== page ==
Cultural Analysis

September 27, 2017 by  
Filed under A Monday AM BLOG

According to cultural sociologist Jeffrey Alexander (2003, p. 4), the task of cultural sociology is “to bring the unconscious cultural structures that regulate society into the light of the mind…we must learn how to make them visible.”  In other words, one goal in the study of culture is to make the invisible visible. Doing so is important because we can reveal patterns that may be important for people to realize, of which they may be otherwise unaware. This may potentially lead to changes in their attitudes and/or behavior.

In an article that examines agency in narrative texts, Franzosi and colleagues (2012) ask “How can we measure something that is not there?” How we go about making culture visible in a systematic way is the focus of this page and the project of the Culture Lab in general. Sociologists and other scholars studying culture employ a range of methods to do so. We offer brief descriptions of some methods —  Content and Interpretive AnalysisExperiments, Ethnographic Interviews and Survey Research — along with illustrative examples of studies that employ them. Different research questions demand different approaches to collecting and analyzing data. Each method has benefits and weaknesses and selecting a method is dependent on the question about culture being asked. For more information about methods of analyzing culture, you may also want to check out a special issue in Qualitative Sociology titled: Methods, Materials and Meanings: Designing Cultural Analysis.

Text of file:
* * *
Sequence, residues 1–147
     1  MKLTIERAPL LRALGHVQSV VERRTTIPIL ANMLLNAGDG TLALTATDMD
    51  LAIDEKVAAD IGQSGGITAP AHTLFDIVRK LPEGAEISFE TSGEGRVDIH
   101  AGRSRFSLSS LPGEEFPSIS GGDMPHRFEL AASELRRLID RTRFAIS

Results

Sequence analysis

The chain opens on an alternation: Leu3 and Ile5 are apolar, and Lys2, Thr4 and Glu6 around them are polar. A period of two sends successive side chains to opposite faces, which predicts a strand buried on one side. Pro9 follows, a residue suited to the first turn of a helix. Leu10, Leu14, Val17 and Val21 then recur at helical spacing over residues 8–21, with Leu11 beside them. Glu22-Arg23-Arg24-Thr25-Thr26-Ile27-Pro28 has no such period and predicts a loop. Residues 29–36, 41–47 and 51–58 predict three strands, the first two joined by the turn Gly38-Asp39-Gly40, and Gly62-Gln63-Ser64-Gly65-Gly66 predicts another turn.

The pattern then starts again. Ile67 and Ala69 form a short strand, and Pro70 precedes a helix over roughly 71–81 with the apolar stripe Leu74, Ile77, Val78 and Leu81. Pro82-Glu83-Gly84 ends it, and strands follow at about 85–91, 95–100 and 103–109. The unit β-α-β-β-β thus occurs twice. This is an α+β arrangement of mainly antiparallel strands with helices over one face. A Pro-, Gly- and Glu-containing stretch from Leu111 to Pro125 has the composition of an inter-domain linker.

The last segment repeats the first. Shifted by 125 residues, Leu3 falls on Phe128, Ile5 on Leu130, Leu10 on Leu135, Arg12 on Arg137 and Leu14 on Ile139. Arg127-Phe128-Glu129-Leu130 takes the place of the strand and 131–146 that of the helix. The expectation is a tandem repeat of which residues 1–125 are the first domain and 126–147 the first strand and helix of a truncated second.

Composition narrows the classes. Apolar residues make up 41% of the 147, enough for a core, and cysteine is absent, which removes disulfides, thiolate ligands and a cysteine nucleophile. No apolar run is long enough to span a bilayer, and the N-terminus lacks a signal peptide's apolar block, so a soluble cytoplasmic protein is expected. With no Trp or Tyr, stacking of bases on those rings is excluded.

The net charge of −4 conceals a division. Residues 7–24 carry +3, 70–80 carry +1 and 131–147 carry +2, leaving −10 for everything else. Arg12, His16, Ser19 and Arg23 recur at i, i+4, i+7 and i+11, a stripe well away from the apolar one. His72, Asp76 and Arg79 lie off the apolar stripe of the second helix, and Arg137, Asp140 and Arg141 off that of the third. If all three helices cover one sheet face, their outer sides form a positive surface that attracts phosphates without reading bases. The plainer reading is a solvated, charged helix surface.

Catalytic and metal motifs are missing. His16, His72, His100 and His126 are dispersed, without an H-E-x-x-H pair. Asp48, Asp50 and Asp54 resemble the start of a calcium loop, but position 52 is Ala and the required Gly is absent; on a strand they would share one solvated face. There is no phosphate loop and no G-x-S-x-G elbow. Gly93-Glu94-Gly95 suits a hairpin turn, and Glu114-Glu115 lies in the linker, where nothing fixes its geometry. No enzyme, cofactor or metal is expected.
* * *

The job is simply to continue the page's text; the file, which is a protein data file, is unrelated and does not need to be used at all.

Why use Content/Textual Analysis versus other Methods to study Culture? 
There are many advantages to systematically analyzing culture through examining texts such as books, newspapers, films, magazines, or social media which make up the shared context of the social world. Content Analysis is especially valuable for its ability to not only capture trends over time, but to reveal otherwise hard-to-detect, obfuscated patterns within a mass of cultural messages. Additionally, depending on the kind of content available, researchers can access purposeful communication over time (such as laws and policies), as well as unintentional and covert messages embedded in public discourse and media content, and can examine variations in content intended for different audiences. Moreover, textual analysis is an unobtrusive form of studying communication and has the strong benefit of being replicated by other scholars to substantiate researchers’ findings. Finally, content or textual analysis enables researchers to answer theoretical questions about culture with empirical evidence, making for especially compelling arguments. Other methods can be excellent for assessing culture. Pugh (2013) outlines the benefits of approaching cultural analysis through interview techniques.

How have you measured and analyzed culture?  What are examples of other exemplary studies?  Continue the conversation here.

References
Alexander, Jeffrey C. 2003. The Meanings of Social Life: A Cultural Sociology. New York: Oxford University Press.

Franzosi, Roberto, Gianluca De Fazio, and Stefania Vicari. 2012. “Ways of Measuring Agency: An Application of Quantitative Narrative Analysis to Lynchings in Georgia (1875-1930).” Sociological Methodology 42:1-42.

Pugh, Allison. 2013. “What Good Are Interviews for Thinking about Culture? Demystifying Interpretive Analysis.” American Journal of Cultural Sociology 1:42-68.

Comments are closed.